The baby name Maya is a relative newcomer to the US, but it feels like a classic.
Thanks to September for suggesting our Baby Name of the Day.
The baby name Maya crosses cultures effortlessly.
In Sanskrit Maya means illusion. Buddhist tradition tells us this is name of the Buddha’s mother, but the name is also associated with goddess Durga.
Brazil’s Tupi people also use Maya to mean mother. (Though that source, too, points to several other meanings and origins.)
The baby name Maya can also come from Greek myth. More often spelled Maia – meaning mother – she’s the eldest of the Pleiades, seven sisters forming a constellation in the night sky. The daughter of Atlas and the mother of Hermes, Maya’s name fits right in with so many mythological borrowings, a little less classic than Diana, but more wearable than Aphrodite.
The Maya civilization comes to mind, too. Not only do the ruins of temples and cities in Mexico and Central America still stand today, but six million Maya peoples still live across the region today. 21 Mayan languages remain in use. It’s worth noting that Maya is a big tent, encompassing many indigenous peoples.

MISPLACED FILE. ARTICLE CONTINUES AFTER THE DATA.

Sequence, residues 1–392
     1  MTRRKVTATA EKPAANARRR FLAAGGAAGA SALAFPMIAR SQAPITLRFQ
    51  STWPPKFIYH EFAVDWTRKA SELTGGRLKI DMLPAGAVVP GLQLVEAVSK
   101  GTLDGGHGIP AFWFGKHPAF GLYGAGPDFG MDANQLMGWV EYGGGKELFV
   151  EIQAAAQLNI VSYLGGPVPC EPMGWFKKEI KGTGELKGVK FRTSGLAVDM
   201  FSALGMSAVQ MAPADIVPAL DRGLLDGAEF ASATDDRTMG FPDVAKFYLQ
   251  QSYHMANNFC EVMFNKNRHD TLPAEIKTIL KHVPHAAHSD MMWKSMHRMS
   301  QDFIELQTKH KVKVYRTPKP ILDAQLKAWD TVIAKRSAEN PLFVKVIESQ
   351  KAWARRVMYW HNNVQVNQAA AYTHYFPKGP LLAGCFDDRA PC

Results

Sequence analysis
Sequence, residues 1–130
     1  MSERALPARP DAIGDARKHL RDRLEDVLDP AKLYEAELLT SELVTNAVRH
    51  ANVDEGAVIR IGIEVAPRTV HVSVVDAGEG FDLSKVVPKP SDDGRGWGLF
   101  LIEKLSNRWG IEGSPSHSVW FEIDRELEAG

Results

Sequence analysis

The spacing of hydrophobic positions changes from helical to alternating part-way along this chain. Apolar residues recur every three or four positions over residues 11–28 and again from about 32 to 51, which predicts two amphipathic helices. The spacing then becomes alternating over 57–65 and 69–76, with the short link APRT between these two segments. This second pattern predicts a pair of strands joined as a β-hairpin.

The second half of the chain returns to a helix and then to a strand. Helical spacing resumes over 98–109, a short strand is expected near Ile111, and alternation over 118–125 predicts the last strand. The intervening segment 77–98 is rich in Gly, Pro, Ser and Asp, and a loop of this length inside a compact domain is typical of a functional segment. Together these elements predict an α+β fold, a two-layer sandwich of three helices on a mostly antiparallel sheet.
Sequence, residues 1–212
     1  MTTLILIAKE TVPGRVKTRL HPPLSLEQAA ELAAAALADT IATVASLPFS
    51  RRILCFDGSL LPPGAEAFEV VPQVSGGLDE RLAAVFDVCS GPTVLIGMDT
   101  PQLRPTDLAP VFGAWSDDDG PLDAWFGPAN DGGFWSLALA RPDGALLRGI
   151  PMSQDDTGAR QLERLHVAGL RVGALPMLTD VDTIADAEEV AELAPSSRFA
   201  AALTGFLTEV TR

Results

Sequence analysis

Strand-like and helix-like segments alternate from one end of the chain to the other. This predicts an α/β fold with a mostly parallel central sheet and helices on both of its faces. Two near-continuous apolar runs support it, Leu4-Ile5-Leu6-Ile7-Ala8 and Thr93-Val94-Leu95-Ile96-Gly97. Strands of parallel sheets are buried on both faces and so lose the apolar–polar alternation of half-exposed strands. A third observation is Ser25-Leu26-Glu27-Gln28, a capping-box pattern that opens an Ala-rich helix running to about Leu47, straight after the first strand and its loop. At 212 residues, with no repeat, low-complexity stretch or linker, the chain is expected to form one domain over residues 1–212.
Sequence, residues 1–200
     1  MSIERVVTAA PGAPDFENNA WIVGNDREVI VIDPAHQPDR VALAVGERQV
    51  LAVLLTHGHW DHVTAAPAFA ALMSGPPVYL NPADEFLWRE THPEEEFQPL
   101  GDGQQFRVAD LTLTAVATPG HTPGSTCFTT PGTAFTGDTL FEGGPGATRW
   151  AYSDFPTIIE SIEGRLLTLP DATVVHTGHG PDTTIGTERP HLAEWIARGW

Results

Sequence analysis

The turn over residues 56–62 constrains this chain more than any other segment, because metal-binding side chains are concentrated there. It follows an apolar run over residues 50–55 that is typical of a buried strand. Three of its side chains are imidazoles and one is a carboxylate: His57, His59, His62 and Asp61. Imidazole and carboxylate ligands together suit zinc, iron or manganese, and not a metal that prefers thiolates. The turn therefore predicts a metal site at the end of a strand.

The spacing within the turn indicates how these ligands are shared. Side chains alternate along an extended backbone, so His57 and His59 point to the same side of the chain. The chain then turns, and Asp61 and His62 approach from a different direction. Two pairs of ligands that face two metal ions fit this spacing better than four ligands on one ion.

- In Avestan, an ancient language and cousin to Sanskrit, Maya means gracious. Accordingly, the baby name Maya appears on lists of Persian names.
- Mount Maya stands in Kobe, Japan. The mountain is named for Buddha’s mother, and a temple has long been located there.
- In the Philippines, a group of small birds are commonly referred to as maya. It’s not a species; instead, maya is a catch-all term for several similar birds.
Those roots feel deep and consequential, but there’s another reason Maya seems traditional to an American audience. In some Slavic and Scandi languages, Maja is short for Maria. It doesn’t get much more classic than that.
It’s an east-meets-west, classic-meets-contemporary mix.
But how did the baby name Maya come to be used in the US?
We might need to look to France.
Playwright Simon Gentillon wrote Maya in 1924. It was wildly successful and much-translated. It became a French movie starring Viviane Romance. A mega-star of French cinema – word is that she refused offers to come to Hollywood – Romance was at the peak of her career in 1949, when the adaptation was filmed. In the movie, there’s no question about the title’s significance. It was chosen because it means illusion – a character tells us so.
In fact, there’s no Maya in the 1924 play or the 1949 movie. Instead, Viviane Romance plays Bella.
Still – the numbers hint at a connection. The baby name Maya first begins to appear in the French data in 1948; in the US data, in 1949.